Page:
The European wasp, Vespula germanica, is an exotic pest to Western Australia that is already established in the eastern states of Australia. Each year fertilised wasp queens arrive in WA via freight and cargo from the eastern states.
The first European wasp nest was discovered in WA in 1977. The Agriculture and Food Division, Department of Primary Industries and Regional Development (DPIRD), began a trap surveillance system in the summer of 1994 as part of its ongoing European wasp eradication program. Trap surveillance was introduced to alleviate the heavy reliance on public reports to detect the presence of European wasps, and is crucial to the program today.
Current program activities include inspection and maintenance of surveillance traps, wasp tracking, nest location and destruction, public awareness and community trapping programs.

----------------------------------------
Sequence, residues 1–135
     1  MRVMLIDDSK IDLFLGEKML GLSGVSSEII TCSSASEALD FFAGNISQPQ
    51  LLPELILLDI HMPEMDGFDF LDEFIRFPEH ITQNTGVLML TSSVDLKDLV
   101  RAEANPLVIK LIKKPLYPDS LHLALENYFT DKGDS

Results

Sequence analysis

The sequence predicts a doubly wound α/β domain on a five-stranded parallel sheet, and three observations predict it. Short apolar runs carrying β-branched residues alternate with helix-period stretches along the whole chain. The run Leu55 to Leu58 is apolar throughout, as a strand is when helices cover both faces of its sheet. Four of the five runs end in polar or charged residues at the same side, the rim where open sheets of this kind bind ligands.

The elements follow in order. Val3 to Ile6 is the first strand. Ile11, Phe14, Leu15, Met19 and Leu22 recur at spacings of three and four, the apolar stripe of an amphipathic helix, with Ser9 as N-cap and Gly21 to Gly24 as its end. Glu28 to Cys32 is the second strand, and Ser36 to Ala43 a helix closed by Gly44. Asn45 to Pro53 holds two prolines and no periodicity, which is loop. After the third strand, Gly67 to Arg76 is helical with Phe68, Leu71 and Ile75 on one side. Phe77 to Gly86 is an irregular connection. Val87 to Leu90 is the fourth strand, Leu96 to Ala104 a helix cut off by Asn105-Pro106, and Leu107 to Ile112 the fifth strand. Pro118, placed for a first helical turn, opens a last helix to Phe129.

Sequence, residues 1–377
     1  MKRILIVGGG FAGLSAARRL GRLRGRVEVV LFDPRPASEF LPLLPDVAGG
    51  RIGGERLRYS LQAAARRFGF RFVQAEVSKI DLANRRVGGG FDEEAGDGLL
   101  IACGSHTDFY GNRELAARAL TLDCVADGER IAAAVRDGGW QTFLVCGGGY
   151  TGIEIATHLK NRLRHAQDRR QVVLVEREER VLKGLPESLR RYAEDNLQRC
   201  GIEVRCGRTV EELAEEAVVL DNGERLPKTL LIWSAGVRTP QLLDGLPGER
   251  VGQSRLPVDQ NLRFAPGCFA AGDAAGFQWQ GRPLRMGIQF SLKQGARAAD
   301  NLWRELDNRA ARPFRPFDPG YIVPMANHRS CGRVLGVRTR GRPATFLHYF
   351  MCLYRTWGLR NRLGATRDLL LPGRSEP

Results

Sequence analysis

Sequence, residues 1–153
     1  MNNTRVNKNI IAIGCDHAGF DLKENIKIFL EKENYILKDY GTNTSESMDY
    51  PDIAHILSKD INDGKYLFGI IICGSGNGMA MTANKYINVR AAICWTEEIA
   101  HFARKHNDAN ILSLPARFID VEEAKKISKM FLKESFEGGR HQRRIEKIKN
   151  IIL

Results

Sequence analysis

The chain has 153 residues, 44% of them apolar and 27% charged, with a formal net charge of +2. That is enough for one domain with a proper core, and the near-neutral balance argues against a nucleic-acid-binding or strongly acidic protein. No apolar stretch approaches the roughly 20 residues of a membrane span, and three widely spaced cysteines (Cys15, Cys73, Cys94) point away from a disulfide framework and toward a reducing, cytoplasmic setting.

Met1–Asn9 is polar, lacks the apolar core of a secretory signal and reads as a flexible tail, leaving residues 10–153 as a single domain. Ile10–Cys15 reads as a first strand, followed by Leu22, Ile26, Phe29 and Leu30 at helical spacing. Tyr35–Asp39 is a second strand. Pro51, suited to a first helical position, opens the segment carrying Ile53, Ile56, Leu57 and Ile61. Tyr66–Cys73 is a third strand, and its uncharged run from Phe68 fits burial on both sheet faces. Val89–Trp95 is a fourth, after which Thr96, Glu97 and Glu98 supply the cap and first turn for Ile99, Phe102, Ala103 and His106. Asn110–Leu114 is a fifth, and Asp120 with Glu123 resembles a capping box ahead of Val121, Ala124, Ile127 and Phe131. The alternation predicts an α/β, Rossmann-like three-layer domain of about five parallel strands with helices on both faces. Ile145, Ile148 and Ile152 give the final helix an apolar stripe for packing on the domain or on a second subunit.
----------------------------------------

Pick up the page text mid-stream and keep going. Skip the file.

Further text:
Each year between November and April, the Agriculture and Food Division manages more than 1000 surveillance across the Perth metropolitan region and regional WA. Ninety five per cent of the nests have been located in metropolitan Perth, with others found in Albany, Capel, Donnybrook, Geraldton, Eucla, Kalbarri and Kalgoorlie.
Ongoing surveillance is important to prevent incursions into remote rural areas in WA where surveillance and control would be much more difficult to implement. At present, nest establishment has been primarily detected in urbanised areas. Hot spots include the industrial suburbs of Welshpool, Kewdale, Bibra Lake, Canning Vale, Malaga and Wangara.
The current program utilises MyPestGuide applications to record wasp sightings and the location of traps and nests. Surveillance officers use triangulation apps to pinpoint nest locations.
The program has been able to successfully eradicate European wasp incursions and prevent their establishment in WA. To date, the department has destroyed more than 1060 nests, and WA remains the only place in the world to have successfully kept these wasps from establishing over such a long period.
|If you suspect you have seen European wasps please report using MyPestGuide, or contact the Pest and Disease Information Service (PaDIS) on +61 (0)8 93683080 or firstname.lastname@example.org|